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Fear, Confusion, and Change- A Search for Answers

It’s hard to think that your choice of study may have been the wrong choice. Some common thoughts are: “maybe I’ve enrolled myself into a program that I thought would give me a good shot at a well-paying job” or “maybe I enrolled into a program for the passion I have for the subject despite knowing the job opportunities are slim”. Sometimes we only realize that we may have made a mistake only after receiving our degrees and entering the work-force. If you’re in one of these places right now you’re probably feeling trapped or anxious. But hey, a semester just came to an end and you owe it to yourself to search for some clarity in all this… (more…)

Report is due, but don’t panic!

Credit to: Calvin and Hobbes (Scientific Setbacks)

As graduate students, we are often assigned teaching jobs, most commonly lab and course TAs. I really enjoyed my time with students when we did lab work together (I’m a lab TA), and we chitchatted about life, study, weather, or  future. My colleagues have various working styles, but in general we are a bunch of cooperative ants focusing on our tasks. On the other hand, grading several dozens of lab reports is the most painful moment at the end of every experiment cycle – we are sad to see people forgetting what we emphasized during the experiment, not double-checking the formatting, giving us blah-blahs without even reading the background information… (more…)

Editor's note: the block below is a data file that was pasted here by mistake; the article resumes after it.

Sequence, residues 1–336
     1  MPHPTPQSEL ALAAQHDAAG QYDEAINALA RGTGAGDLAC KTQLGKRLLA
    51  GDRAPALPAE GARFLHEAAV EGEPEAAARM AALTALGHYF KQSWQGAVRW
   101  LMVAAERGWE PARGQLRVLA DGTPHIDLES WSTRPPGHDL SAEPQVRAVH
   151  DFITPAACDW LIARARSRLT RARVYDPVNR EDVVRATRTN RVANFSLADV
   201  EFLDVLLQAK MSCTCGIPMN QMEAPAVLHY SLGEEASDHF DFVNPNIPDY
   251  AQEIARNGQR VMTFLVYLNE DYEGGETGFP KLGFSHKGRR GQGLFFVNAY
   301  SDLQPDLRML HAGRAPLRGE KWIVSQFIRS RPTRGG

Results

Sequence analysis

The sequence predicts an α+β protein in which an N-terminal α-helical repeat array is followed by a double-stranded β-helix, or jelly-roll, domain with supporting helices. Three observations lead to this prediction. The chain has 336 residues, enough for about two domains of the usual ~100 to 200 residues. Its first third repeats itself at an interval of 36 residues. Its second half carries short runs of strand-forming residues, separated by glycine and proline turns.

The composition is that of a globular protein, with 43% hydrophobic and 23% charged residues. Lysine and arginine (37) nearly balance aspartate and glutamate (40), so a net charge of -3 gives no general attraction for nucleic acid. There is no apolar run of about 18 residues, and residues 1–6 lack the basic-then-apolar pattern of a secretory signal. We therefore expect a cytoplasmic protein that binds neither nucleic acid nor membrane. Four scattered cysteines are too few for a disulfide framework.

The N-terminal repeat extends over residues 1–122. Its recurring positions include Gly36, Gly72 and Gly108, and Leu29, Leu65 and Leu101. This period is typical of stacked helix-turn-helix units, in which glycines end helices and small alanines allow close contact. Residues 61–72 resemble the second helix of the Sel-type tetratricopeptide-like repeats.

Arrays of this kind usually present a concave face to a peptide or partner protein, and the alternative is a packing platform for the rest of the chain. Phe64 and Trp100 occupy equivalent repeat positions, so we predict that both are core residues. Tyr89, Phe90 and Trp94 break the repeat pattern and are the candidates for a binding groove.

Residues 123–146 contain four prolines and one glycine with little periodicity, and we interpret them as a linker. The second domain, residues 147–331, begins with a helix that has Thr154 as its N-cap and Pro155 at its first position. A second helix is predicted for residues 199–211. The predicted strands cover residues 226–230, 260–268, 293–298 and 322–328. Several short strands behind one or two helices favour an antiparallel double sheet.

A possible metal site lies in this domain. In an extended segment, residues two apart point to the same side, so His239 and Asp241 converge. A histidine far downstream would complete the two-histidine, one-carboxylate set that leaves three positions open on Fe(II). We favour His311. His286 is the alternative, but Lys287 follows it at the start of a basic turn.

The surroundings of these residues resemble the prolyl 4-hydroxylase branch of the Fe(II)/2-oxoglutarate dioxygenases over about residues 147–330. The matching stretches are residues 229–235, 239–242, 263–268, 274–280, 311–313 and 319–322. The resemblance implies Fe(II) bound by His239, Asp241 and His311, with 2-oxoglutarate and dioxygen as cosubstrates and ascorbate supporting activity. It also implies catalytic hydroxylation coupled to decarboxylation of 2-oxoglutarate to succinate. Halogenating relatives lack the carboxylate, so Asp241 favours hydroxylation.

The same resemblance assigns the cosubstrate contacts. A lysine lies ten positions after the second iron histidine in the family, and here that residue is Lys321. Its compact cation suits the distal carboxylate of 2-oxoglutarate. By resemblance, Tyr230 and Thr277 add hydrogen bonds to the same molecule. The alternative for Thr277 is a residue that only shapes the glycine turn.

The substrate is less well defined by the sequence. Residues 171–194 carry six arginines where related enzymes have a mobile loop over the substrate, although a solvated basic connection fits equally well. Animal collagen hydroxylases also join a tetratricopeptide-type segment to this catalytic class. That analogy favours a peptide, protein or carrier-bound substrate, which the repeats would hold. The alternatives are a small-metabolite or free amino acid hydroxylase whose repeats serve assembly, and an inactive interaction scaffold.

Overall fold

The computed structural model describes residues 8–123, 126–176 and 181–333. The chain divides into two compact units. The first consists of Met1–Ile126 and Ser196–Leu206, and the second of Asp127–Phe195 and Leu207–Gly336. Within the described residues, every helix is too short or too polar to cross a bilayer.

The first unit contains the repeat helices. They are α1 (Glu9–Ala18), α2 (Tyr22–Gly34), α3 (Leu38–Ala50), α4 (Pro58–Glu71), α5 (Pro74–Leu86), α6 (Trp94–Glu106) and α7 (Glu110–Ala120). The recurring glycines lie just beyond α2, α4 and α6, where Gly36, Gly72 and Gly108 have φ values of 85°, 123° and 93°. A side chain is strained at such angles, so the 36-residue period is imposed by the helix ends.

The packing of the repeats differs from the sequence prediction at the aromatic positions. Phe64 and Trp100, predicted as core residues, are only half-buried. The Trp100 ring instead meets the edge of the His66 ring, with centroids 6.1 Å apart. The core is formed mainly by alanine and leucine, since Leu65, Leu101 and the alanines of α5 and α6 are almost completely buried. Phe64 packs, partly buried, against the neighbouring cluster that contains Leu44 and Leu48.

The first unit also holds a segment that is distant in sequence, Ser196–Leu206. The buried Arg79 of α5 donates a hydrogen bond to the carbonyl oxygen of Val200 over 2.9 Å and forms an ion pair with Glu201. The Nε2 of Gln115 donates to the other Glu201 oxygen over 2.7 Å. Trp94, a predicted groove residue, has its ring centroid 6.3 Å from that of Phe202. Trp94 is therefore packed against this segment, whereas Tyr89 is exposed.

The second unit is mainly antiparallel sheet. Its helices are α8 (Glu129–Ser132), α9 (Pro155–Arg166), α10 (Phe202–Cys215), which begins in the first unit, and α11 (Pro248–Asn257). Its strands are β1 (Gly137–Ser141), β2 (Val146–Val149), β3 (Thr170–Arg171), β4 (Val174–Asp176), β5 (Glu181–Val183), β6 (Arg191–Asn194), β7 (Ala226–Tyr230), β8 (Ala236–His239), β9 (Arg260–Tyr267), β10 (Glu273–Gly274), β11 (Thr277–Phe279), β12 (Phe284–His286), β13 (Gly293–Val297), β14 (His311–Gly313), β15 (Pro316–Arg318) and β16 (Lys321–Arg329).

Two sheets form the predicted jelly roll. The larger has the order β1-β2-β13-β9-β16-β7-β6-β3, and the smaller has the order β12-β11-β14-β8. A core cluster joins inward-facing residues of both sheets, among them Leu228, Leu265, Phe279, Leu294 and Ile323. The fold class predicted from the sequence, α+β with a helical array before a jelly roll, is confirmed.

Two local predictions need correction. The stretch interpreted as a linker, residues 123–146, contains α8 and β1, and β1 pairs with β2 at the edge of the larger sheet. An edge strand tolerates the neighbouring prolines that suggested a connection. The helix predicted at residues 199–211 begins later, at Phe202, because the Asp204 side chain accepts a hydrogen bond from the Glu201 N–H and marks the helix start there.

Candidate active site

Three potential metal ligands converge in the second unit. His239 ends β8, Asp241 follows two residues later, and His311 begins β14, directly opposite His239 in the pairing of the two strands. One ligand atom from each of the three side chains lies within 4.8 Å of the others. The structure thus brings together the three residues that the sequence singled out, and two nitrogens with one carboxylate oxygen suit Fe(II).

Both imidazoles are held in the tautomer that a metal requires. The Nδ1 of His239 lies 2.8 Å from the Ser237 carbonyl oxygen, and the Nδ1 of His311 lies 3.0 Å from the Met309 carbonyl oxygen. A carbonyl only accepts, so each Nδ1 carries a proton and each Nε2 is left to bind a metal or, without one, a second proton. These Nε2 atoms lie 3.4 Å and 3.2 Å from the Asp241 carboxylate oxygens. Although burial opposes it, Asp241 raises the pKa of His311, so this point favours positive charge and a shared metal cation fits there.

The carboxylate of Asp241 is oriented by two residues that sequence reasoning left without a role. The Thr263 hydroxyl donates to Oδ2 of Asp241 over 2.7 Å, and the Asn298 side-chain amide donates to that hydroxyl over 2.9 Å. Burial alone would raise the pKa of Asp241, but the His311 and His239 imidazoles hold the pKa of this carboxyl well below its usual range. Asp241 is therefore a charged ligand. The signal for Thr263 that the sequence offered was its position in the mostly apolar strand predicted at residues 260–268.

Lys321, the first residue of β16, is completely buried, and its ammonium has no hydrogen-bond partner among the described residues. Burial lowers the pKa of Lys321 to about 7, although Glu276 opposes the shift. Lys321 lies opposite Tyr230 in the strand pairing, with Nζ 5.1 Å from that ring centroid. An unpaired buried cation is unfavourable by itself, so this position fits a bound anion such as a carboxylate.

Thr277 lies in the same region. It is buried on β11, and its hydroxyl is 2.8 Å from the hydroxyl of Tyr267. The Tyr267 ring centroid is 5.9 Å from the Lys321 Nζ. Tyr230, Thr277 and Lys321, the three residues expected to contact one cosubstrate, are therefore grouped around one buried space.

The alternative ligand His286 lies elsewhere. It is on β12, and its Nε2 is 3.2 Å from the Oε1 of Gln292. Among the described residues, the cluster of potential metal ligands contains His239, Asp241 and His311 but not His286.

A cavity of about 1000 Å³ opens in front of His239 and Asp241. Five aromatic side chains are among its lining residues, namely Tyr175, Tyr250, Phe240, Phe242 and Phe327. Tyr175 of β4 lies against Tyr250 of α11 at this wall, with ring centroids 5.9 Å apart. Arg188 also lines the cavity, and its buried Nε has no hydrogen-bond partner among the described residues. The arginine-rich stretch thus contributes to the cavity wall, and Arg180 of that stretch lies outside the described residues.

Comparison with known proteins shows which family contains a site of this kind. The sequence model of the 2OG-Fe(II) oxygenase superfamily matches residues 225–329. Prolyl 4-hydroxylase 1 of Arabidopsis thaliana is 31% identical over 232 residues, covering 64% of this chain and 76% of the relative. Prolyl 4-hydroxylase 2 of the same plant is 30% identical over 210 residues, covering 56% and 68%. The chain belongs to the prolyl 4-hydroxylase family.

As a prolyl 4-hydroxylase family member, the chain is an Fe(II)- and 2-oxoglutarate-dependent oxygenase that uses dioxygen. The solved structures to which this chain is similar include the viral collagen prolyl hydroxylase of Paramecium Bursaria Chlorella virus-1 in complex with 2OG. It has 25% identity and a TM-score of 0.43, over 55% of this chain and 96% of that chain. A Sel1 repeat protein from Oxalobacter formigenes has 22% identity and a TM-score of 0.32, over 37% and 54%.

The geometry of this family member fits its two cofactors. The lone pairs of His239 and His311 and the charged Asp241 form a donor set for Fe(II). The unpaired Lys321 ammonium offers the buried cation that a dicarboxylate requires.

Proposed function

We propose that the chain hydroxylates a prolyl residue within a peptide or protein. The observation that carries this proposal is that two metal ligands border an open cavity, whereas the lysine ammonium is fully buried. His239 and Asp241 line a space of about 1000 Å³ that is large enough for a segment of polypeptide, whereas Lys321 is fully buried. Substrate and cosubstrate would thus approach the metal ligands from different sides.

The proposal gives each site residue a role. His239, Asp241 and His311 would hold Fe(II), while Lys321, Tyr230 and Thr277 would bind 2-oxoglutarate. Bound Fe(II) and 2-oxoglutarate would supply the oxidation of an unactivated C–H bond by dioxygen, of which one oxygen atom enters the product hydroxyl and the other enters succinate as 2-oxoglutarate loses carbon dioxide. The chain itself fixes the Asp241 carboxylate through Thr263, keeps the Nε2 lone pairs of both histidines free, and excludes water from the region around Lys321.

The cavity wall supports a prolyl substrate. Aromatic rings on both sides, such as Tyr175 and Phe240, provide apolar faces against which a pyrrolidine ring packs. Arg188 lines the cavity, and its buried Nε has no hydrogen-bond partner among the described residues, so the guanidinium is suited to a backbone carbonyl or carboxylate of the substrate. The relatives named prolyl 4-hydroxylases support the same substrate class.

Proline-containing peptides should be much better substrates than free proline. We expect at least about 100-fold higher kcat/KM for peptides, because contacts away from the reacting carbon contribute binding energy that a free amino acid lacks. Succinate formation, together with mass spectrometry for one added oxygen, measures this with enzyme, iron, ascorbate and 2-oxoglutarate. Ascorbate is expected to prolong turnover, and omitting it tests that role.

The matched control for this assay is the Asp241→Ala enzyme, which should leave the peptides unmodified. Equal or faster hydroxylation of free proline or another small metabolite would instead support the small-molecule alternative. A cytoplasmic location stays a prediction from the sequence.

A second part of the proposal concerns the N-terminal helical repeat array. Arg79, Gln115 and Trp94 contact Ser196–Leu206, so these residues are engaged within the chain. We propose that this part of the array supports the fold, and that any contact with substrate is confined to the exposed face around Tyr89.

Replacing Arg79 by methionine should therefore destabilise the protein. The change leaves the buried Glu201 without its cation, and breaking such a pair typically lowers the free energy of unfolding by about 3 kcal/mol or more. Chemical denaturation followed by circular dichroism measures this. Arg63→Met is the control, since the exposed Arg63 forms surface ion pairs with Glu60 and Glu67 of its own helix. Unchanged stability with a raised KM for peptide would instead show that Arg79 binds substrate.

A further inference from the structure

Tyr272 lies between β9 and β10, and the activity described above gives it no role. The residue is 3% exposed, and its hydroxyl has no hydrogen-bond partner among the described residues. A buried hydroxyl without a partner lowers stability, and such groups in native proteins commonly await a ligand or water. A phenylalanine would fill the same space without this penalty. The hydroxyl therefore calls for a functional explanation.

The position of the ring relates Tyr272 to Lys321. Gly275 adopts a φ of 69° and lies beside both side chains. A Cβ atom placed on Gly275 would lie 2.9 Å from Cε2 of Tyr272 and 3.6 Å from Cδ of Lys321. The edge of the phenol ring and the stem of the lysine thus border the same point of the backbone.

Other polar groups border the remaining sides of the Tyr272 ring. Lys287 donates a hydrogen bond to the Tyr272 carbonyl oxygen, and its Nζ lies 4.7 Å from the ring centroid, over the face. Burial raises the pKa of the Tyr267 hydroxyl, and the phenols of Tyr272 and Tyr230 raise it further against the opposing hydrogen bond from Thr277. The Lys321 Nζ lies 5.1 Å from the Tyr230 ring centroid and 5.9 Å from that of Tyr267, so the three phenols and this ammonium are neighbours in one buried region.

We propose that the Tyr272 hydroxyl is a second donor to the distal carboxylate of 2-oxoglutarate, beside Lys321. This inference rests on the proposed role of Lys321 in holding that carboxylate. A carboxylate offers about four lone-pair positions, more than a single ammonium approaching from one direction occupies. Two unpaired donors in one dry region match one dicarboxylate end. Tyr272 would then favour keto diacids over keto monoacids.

First Post Ever — TOP TIPS

 

 

 

 

 

 

 

 

 

 

  1. Take advantage of the resources here. 

McGill has endless opportunities designed specifically for you to learn new things and meet new people. I can vouch for the fact that there is literally something for every single person sitting in Leacock 132, so be sure to soak up all the benefits you could from your undergrad/graduate experience. Because, as cliche as it may sound, before you know it, it will be too late.

  1. Office hours. Never. A waste. Of time.

Whether it be with your professor or your TA, you will ALWAYS learn something useful… Even if it means learning that emailing might be the better option for next time. 😂

  1. #SELFCARE

The single most important thing you could do for yourself, because only once you are in a healthy mental and physical state, can you perform your very best and go on to helping others. 

  1. Attendance

A direct determinant of your grade.

(Okay this was a controversial one, I know)

Now I suck at math, but here is a formula based on my personal experience:

f (attendance) = grade

  1. Find what works best for you.

EVERYONE IS DIFFERENT, to each their own. That being the case, college is also about learning who you are and how you function as a person — from learning how you study best, and what teaching styles and methods of evaluation (if applicable) work for you, all the way to learning how to dig up your real priority at a given moment. Sounds a little tricky eh?

*Number 5 is only possible through this thing we call experience, so don’t get discouraged and just keep going, but more significantly, remember to LEARN as you go ❤

~xoxo~

Machine Learning: More Inspiration from the Modern Technology

Source: George Seif (Towards Data Science)

Since last year, I have heard of ‘Machine Learning’ for so many times that I become very curious about what it is. Montreal has become a hub of Machine Learning thanks to talented scientists in this city. For me, it is both exciting and mysterious to witness the birth and development of Siri and Google Home, and to benefit from search engines on a daily basis. Although the ads on Facebook become sometimes annoying, I have to admit that the automatic playlist on YouTube is quite convenient. (more…)